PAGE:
Felipe Ortiz wrote up "Top Java SE 6 Features
," bringing up five features he likes most in Java 6, while Tim offers some opinions
on what Java 7 might want to consider - including addressing the possibility of handling XML directly in the language.
I was sold into scripting the JVM since back in the day when the only scripting option was Jython and BeanShell. Personally I would have preferred if Groovy was the default scripting language that came with Java SE 6. The good thing is that there are plenty of scripting languages that support the new Scripting Framework.
JDBC 4.0 Annotations
Java SE 6 introduced a BaseQuery interface that you can extend. You can sub-interface can then define get methods and associated annotation with the appropriate select prepared SQL statement. JDBC annotations are a new way of building Data Access Objects (DAO).
No More Class.forName for JDBC Driver
Java SE 6 does not require you to load the JDBC driver prior to creating a JDBC connection. This only works if the driver is packaged with a certain descriptor in the jar file. This only saves me one line of code, but I would never for the life of remember the name of driver I wanted. So in reality this saves on line of code and one Google search.
The system tray goes a long way in developing Java applications look and behave more like native applications. The system tray was part of the JDesktop Integration Components (JDIC). They system tray allows you to add a menu on the user desktop's user tray.
Java Compiler API
In the past I have had to compile Java source at runtime by invoking the the Main class for the javac command. The Java Compiler API provides a solid solution for compiling Java source files or just in-memory Java source.
I cannot stress how useful and powerful XML binding is. XML binding is basically object serialization using XML. With JAXB as part of the Java SE 6 you don't have to download additional jars and libraries.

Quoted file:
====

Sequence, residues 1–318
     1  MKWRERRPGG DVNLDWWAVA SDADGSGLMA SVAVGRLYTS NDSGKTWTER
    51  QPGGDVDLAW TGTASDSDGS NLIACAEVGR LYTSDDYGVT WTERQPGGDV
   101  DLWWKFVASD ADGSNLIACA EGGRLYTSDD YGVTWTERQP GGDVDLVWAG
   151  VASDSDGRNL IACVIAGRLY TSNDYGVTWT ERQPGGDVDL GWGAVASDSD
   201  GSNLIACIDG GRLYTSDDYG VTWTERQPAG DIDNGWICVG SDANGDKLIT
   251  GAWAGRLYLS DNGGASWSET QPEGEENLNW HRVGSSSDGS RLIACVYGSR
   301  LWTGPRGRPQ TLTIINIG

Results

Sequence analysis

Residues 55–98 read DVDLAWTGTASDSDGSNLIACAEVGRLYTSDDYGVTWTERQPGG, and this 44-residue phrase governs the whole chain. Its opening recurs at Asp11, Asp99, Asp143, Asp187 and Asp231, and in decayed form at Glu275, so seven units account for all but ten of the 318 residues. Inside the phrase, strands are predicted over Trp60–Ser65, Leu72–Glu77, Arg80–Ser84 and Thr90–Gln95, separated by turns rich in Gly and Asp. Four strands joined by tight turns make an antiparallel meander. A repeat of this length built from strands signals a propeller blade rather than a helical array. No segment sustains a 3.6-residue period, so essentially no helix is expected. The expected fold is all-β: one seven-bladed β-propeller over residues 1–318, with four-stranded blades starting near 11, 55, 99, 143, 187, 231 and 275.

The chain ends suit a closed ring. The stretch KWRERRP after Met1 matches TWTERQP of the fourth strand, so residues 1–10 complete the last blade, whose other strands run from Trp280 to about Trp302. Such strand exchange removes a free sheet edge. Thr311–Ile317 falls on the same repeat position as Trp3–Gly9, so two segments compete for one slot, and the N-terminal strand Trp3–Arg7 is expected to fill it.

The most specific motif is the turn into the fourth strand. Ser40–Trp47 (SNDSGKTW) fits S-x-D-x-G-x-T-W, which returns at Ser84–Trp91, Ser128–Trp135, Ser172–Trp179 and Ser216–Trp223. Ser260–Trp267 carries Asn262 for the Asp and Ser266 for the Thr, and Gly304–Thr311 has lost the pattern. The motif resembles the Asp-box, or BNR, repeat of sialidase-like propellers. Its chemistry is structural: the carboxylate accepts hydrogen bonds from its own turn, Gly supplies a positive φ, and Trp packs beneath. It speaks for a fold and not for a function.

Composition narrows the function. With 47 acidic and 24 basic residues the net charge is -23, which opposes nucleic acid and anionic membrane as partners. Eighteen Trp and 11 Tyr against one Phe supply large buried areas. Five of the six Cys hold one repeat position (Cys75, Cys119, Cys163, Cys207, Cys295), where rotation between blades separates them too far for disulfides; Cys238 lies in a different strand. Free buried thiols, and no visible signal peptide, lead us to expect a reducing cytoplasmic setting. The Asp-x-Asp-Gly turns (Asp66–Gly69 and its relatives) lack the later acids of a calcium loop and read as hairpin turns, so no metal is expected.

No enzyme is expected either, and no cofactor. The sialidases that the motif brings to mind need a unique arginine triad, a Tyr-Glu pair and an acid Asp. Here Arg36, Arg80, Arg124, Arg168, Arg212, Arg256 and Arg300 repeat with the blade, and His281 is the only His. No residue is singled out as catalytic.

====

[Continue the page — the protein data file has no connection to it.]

What would your choices have been?
Tim's addressing two specific areas: property access, and XML's position in the language. On property accessors, he's apparently neutral but wants a clearer syntax:
... I understand the concern about having the dot operator be ambiguous, and the potential performance penalties that can occur, but I think those fears are being over played. To my thinking the cost of having two different member access operators is worse. Having bean->property and bean.getProperty() mean the same thing segments the development space. Some people will use one, and some people the other. If I'm using an IDE with content assist, then I have to know whether I'm looking for a method or a property before I start typing. If we really need to have a different syntax I'd prefer something like bean.getProperty() and bean.@property or bean.$property - something that makes it clear that the difference is in what sort of member you're accessing rather than what sort of operator you use to get it.
He reserves a little more energy for XML:
Please please please don't give XML special treatment in the language. If we've found that working with arbitrary dynamic object graphs is too difficult then find a way to support them, but please do not make it XML specific. XML is not that important. I've had multiple situations where I've wanted to dynamically access properties from object graphs - I'd love a neat syntax for it. Please don't make this a XML-only solution.
The Groovy programmers are probably nodding in agreement, looking at Groovy's concept of builders
, which support XML almost as afterthoughts.